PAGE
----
Another man, who arrived at the hospital to visit a sick grandchild, said he was excited to know if Ardern would have a boy or a girl and wished her well.
There will be no further formal announcements from the Prime Minister's office until Ardern and Gayford, 40, announce the birth of their baby.
Auckland City Hospital says 6974 babies were born there last year.
"The average length of stay for a woman giving birth in our hospital is 2.3 days. Typically a woman will be discharged home or to Birthcare, depending on her requirements."
If born today Ardern and Gayford's baby would share a birthday with Prince William (who the couple met in Britain this year), actor Chris Pratt and singer Lana Del Rey. Their star sign is Cancer.
The child's birth will be significant; given he or she is the first child born to a female New Zealand Prime Minister, in power, in our country's history.
Famous people born on June 21
Prince William, 1982
Joko Widodo, Indonesia president, 1961
Lana Del Rey, musician, 1985
Edward Snowden, NSA whistleblower, 1983
Jean-Paul Sartre, French philosopher, 1905
Benazir Bhutto, former Pakistan prime minister and first female leader of a Muslim nation (also the first head of government to give birth while in office), 1953
Shirin Ebadi, Iranian lawyer and human rights activist and first Muslim woman to receive the Nobel Peace Prize (2003), 1947
The Queen was also well established on the throne when she gave birth to sons Prince Andrew and Prince Edward after her coronation in 1952.
Her other children, Prince Charles and Princess Anne, were almost 4 and 2, respectively, at the time.
Before her, the Queen's great-great-grandmother, Queen Victoria, gave birth to nine children during her reign in the 1800s.
'A historic moment'
The Green Party's co-leaders have sent their best wishes to Ardern and Gayford.
"I am thinking of Jacinda with so much excitement as she approaches giving birth for the first time," co-leader Marama Davidson said.
"Her and Clarke have my best wishes for this special experience.
"This is an exciting time for Jacinda and Clarke and a historic moment for our country," said James Shaw in reference to the fact that this will be the first time a Prime Minister in New Zealand has had a baby while in power.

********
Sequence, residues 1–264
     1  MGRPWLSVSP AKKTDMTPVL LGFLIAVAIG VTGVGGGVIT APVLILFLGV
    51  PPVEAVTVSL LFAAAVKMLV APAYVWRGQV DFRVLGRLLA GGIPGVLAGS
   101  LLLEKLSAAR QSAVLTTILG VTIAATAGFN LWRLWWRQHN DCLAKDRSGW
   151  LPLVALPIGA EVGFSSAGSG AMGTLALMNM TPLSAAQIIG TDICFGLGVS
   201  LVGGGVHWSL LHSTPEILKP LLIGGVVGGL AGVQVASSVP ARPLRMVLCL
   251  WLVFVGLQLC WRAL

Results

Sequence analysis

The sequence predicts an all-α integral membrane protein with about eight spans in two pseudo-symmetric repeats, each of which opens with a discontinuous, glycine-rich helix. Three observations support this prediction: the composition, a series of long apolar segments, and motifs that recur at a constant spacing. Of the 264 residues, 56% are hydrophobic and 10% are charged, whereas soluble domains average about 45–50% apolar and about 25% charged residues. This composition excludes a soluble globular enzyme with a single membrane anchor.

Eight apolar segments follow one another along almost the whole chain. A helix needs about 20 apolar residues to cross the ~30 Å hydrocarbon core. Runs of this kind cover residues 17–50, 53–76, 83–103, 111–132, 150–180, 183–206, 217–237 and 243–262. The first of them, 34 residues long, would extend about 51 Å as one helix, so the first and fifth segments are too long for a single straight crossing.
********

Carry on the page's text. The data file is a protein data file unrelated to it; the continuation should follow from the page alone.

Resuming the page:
"I join with Marama and our Green Party caucus colleagues in wishing them both all the best."
How the baby news was announced
In mid-January, Ardern shocked the country when she announced, via social media, that she was expecting.
"We thought 2017 was a big year. This year, we'll join the many parents who wear two hats. I'll be PM & a mum while Clarke will 'first man of fishing' & stay-at-home dad," the couple announced.
"There will be lots of questions [I can assure you we have a plan all ready to go] but for now bring on 2018.''
She accompanied the message - on Facebook, Twitter and Instagram - with a photo of two large fish hooks and a smaller one within one of them; signifying the growing family while also paying tribute to Gayford's love for fishing.
It was also a nice touch given the significance of the hook in Māori culture.
It was later revealed she planned to take six weeks off after the birth - of which a due date of June 17 was given.
There was great support from the New Zealand public, political colleagues and from fans around the world.
Australian Prime Minister Malcolm Turnbull was one of the first international leaders to tweet about the news.
"Congratulations Jacinda Ardern on your wonderful news today. When we spoke this morning you sounded more excited than you did when you won the election!"
Former New Zealand prime ministers also came out in support, with both Jenny Shipley and Helen Clark offering congratulatory messages.
Some eagle-eyed Kiwis were quick to point out that now meant Clark was very much the real "aunty Helen".
Ardern has been well received at public events during her pregnancy and has travelled and appeared at many engagements over the past few months.
Her trip to Waitangi, in the lead-up to Waitangi Day, was widely regarded as one of the best appearances of any New Zealand leader in history.
She became the first female prime minister to speak at the upper marae and many remembered her walking around in barefoot and helping to serve the public a hearty breakfast alongside her Labour Party colleagues.
She toured the Pacific this year and later Europe, where she and Gayford met the Queen.
Ardern appeared in Vogue Magazine in February, in which she was referred to as the "Anti-Trump".
She spoke about her pregnancy in that article and also appeared on 60 Minutes Australia in an episode dubbed The Kiwi That Soared.